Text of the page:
For example, the latest Mfe report notes of 39 native fish species reported, 72% are either threatened with (12 species) or at risk of (16 species) extinction

    http://www.mfe.govt.nz/sites/default/files/media/Environmental%20reporting/our-fresh-water-2017_1.pdf

    In fact many remnant native fish populations in areas like the Maniototo only survive in headwaters because so much water is taken out the trout can’t get upstream to gobble them up (….so ironically irrigation is the thing preserving native biodiversity but…..you won’t see that in a Stuff headline).

    http://www.doc.govt.nz/news/media-releases/2014/otagos-native-fish-more-threatened/

    So while everyone loves slipping the boot into farmers for effects on water quality, shouldn’t there be equal emphasis on the parlous state of native fisheries. Having Fish and Game established by statute is like legislating national parks to be managed for deer and possums.

    But yeah, birds are cute so get rid of cats and who knows/cares what a galaxiid is, as long as weekend warriors can play make believe hunter gatherer.

    • Birds are better than cute, they’re very necessary in the scheme of things. The number of introduced cats, otoh, is out of kilter. Register and desex unless a registered breeder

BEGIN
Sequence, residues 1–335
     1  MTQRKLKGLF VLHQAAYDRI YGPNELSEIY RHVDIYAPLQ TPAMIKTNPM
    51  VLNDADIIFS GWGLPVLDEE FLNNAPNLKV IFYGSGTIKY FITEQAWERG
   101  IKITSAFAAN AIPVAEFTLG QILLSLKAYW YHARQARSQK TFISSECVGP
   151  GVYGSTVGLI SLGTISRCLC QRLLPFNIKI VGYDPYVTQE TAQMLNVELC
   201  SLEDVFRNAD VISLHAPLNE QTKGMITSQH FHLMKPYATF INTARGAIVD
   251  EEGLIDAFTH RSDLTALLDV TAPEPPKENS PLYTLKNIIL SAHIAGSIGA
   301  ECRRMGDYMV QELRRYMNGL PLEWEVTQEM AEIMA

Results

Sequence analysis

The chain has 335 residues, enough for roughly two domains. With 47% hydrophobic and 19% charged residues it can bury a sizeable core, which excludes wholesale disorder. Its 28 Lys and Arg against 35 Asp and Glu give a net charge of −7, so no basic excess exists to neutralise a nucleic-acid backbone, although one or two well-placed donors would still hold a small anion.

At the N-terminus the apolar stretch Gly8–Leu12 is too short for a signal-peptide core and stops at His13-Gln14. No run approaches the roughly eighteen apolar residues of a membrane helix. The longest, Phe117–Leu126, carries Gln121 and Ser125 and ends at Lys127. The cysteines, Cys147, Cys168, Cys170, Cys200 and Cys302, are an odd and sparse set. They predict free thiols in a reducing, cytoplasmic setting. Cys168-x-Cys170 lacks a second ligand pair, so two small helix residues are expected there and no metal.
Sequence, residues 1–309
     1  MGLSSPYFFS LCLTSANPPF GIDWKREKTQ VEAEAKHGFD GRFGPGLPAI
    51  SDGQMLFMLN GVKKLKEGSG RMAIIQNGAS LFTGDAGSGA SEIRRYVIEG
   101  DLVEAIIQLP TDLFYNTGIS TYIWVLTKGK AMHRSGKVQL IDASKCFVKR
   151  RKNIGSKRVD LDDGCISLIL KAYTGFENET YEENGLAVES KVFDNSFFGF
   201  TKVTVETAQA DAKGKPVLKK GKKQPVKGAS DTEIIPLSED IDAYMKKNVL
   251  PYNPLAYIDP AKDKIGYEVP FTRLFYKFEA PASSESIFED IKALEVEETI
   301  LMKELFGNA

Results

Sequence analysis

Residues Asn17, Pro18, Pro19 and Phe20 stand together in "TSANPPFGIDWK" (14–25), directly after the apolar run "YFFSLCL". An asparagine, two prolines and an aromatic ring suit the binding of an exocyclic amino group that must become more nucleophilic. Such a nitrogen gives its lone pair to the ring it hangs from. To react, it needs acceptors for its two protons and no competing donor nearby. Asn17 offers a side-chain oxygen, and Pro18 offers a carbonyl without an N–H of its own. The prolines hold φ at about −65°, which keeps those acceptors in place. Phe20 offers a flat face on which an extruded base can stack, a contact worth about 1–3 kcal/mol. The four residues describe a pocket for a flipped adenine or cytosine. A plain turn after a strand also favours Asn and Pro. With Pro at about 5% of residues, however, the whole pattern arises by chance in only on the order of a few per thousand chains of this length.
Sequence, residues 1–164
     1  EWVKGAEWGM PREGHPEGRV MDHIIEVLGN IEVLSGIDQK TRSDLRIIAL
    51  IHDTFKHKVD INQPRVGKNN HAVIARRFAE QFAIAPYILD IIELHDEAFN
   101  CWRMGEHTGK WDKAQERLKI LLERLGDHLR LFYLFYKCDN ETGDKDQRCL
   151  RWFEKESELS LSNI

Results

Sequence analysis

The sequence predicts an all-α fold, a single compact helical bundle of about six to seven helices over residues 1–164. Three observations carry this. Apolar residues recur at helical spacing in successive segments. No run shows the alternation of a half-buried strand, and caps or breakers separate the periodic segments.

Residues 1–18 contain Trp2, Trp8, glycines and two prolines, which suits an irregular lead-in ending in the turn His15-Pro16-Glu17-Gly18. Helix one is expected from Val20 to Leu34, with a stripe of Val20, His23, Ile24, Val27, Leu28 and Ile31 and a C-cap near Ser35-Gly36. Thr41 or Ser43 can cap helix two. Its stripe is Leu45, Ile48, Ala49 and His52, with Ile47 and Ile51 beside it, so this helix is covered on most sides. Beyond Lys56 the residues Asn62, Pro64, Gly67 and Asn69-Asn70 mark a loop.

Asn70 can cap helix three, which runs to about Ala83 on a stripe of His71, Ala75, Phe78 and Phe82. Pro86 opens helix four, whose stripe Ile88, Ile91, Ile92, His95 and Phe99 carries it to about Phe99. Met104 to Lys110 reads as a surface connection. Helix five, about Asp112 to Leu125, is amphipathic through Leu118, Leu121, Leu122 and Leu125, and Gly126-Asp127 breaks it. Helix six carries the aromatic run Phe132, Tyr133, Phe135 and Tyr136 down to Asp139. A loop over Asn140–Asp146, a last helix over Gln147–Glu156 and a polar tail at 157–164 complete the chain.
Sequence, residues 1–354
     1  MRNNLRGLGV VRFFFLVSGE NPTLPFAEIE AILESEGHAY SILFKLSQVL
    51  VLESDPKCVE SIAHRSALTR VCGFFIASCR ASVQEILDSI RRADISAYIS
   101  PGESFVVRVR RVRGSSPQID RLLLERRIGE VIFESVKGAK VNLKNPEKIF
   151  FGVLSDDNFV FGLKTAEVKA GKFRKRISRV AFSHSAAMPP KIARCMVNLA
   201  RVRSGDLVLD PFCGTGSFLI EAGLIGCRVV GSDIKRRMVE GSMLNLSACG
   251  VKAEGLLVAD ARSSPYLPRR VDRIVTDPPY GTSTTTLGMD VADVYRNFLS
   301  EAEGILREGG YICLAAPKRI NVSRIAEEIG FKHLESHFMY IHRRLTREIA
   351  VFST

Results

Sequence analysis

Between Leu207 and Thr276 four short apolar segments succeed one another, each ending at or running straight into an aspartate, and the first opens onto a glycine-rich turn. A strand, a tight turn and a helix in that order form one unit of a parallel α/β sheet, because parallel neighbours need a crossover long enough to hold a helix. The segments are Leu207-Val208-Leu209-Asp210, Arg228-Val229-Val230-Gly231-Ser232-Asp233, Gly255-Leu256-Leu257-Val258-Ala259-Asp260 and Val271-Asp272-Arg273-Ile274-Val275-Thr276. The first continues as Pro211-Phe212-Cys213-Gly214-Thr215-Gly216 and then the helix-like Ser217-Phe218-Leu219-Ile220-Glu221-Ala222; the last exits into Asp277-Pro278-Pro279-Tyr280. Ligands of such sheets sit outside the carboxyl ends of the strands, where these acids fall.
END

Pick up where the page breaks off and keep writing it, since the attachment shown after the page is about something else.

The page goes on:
• Gezza

         /  July 27, 2017

        As a mallard drake swam across the stream to my side this morning, I noticed an 8 inch long lump of tree branch moving downstream with him. Then I realised (didn’t have me specs on) that lump of tree branch was actually under its own power & was heading West, beating the duck to the bank.

        I remember thinking I hope that cat that thought it could take on 3 pukekos the other day is still around, & that it has better luck with that huge bloody rat!

        • Getting rid of a great proportion if cats would be a boon to the Rat/Mice extermination industry. My old Moggy died recently at 20, but I’m reluctant to replace her on avianatarian grounds. My inner city garden has beautiful bird life. The other day four big fat kereru flew in to a small tree near my dining room. I could have touched them. We also get a lot of our smaller native birds waxeyes and the sweet wee riroriro. (Grey warbler).

          • Gezza

             /  July 27, 2017

            Ok. I got pukekos (3 – 1F, 2M – right now they’re insatiable & Bluebelle sometimes has just had ebloodynuf) a flotilla of mallards & grey ducks & hybrids, tuis, two yellowhammers this morning, a tree full of dunnocks (hedge sparrows, the smaller, lighter coloured species) at waterbird feeding time – so now they also get a handful of wheat in the fence-mounted flower box, grey warblers, goldfinches, fantails, (tiwaka) including a black one, thrushes & blackbirds for my country, starlings, black shags & pied shags (rare), welcome swallows, black-backed gulls, very infrequently, a kingfisher, and at night one or two moreporks (ruru) in occasional proximity, heard close by but not seen. Plus some night-flyer whose overhead shrieks I haven’t identified to a species yet. If I go up into the hills I get harriers & paradise ducks.